may more effectively imprint the intended lesson. To have represented
him as dishonest, or drunken, would have blunted the weapon's edge.
Here is an affluent citizen, on whose fair fame the breath of scandal
can fix no blot. He had a large portion in this world, and did not
seek--did not desire--any other. He spent his wealth in pleasing
himself, and did not lay it out in serving God or helping
19. A certain rich man. Not one whom the world would call great, but
eminently respectable; one whom the worldly would admire, while the
poor man was one whom the covetous would despise.
Clothed in purple. The purple was anciently the royal color, the
gorgeous hue of the imperial robes, and hence the very term, the
purple, is still used to signify the royal dignity.
And fine linen. The finest apparel.
Faring sumptuously every day. Enjoying not only the most
sumptuous fare on the table every day, but every sensual enjoyment. How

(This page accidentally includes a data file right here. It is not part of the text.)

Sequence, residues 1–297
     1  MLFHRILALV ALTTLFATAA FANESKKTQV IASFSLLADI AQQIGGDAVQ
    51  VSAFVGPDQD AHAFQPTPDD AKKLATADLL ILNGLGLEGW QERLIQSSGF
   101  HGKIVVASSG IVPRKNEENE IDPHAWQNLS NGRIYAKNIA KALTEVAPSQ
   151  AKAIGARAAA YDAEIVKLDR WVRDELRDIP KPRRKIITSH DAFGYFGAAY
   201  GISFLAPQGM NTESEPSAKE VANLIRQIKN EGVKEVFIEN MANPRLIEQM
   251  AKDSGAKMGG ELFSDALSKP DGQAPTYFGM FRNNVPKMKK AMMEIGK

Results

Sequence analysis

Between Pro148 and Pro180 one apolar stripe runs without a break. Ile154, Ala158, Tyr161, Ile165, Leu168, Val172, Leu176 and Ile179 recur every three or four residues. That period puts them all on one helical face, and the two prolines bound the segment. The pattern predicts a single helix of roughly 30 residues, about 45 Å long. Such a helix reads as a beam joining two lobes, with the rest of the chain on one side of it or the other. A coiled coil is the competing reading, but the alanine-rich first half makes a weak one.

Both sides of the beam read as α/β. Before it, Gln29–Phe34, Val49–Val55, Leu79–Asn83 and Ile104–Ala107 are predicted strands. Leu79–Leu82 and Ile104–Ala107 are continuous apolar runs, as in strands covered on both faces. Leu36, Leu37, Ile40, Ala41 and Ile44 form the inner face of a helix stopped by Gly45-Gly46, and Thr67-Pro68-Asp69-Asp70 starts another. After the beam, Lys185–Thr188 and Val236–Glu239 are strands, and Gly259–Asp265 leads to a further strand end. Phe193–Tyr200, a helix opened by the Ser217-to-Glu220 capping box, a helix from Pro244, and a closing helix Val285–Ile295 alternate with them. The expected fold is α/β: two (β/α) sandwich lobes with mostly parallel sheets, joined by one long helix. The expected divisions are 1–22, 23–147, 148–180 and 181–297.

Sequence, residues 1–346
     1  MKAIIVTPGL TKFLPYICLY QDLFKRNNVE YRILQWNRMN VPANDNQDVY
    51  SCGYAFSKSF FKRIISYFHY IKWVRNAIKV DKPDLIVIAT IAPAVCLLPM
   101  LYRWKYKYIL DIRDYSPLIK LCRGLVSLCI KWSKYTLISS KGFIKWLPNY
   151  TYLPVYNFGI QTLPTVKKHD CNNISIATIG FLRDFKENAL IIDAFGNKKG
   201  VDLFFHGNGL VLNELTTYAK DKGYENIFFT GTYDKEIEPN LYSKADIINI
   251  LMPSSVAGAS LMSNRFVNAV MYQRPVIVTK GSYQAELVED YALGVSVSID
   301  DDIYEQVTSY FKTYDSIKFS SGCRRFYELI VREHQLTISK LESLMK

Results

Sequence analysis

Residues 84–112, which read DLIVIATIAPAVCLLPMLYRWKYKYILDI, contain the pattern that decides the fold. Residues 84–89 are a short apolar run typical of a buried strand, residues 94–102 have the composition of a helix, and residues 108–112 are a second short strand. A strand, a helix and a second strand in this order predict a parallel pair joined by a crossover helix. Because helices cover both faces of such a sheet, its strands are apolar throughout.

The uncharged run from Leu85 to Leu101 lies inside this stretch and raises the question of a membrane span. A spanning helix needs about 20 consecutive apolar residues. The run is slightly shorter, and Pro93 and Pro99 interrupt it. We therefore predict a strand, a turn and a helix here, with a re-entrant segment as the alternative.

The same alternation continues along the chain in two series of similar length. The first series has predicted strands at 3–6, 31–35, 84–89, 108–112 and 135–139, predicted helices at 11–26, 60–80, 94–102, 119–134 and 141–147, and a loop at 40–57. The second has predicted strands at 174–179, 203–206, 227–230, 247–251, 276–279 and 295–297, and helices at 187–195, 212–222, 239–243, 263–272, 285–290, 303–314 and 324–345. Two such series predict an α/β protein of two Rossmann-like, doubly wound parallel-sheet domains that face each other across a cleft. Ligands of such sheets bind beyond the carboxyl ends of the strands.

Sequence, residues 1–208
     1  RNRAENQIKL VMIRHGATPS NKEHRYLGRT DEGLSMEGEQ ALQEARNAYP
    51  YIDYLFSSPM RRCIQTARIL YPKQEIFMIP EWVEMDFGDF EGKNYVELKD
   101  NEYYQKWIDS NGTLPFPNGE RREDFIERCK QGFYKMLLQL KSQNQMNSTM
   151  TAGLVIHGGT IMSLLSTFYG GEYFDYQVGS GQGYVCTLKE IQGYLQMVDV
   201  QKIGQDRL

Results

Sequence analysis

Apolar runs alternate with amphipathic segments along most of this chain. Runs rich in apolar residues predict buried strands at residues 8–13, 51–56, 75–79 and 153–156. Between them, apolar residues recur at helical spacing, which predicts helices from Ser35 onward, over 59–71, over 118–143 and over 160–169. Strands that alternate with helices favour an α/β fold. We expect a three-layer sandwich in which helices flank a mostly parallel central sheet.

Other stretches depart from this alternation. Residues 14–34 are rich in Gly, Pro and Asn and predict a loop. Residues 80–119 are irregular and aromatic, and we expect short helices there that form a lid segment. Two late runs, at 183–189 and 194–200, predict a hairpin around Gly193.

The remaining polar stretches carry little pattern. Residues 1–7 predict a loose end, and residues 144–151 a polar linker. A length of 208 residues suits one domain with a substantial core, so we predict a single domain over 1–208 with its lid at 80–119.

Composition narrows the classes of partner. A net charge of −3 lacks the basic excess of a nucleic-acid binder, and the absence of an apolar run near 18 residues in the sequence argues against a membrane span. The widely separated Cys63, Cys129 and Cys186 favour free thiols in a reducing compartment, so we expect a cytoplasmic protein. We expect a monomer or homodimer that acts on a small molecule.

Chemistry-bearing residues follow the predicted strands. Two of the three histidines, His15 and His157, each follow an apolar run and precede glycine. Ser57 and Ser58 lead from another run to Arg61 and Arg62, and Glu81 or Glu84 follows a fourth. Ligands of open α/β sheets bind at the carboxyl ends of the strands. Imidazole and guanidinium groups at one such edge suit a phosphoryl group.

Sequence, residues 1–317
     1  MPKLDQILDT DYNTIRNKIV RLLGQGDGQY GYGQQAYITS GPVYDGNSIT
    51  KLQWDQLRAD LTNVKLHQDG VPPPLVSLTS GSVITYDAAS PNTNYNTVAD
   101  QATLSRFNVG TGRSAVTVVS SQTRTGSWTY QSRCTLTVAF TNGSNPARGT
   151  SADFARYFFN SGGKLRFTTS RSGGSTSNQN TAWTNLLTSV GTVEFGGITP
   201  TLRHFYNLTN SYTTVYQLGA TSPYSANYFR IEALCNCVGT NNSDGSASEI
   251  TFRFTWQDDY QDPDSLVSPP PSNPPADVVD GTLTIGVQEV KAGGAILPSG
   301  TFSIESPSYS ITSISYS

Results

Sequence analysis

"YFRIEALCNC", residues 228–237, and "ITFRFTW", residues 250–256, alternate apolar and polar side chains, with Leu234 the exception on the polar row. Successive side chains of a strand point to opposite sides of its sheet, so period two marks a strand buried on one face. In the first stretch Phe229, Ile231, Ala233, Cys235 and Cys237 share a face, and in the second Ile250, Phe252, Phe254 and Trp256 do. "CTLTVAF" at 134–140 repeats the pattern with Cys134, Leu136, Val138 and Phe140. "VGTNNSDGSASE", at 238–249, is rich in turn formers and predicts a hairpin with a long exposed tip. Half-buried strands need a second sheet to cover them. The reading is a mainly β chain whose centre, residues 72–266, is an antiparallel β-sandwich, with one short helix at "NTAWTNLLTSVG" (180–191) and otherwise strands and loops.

the world would admire his lot in life!
20. A certain beggar. Beggary, such as is here depicted, is much
more common in the East than with us, and, in the absence of any more
systematic provision, alms-giving to the poor was insisted upon by the
Psa. 41:1; 112:9; Prov. 14:31).
Named Lazarus. "Does not Christ seem to you to have been reading
in that book where the found the name of the poor man written, but
found not the name of the rich? For that book is the Book of
Life."--Augustine.Laid at his gate. Carried there because unable to walk. At the
gate, where so many were passing, would be a favorable place for alms.
Full of sores. Cutaneous sores are most common in connection
with abject poverty.
21. The dogs . . . licked his sores. How abject his lot!
Helpless, a beggar, glad to get crumbs, the dogs around him licking his
sores! Such a lot the world would despise.
22. The beggar died. What became of his body is not stated. It
may have been cast into the potter's field.
Was carried by the angels. Here is one who in his life had not a
single friend, and now, suddenly, not one, but many angels wait upon
him.--Luther. His body may have had no pall-bearers, but angels
carried his soul.
Into Abraham's bosom. The place of rest where Abraham welcomed
his children; heavenly bliss. The Jews spoke of those who went to
Abraham's heavenly abode as in Abraham's bosom.
The rich man also died, and was buried. We are to infer that he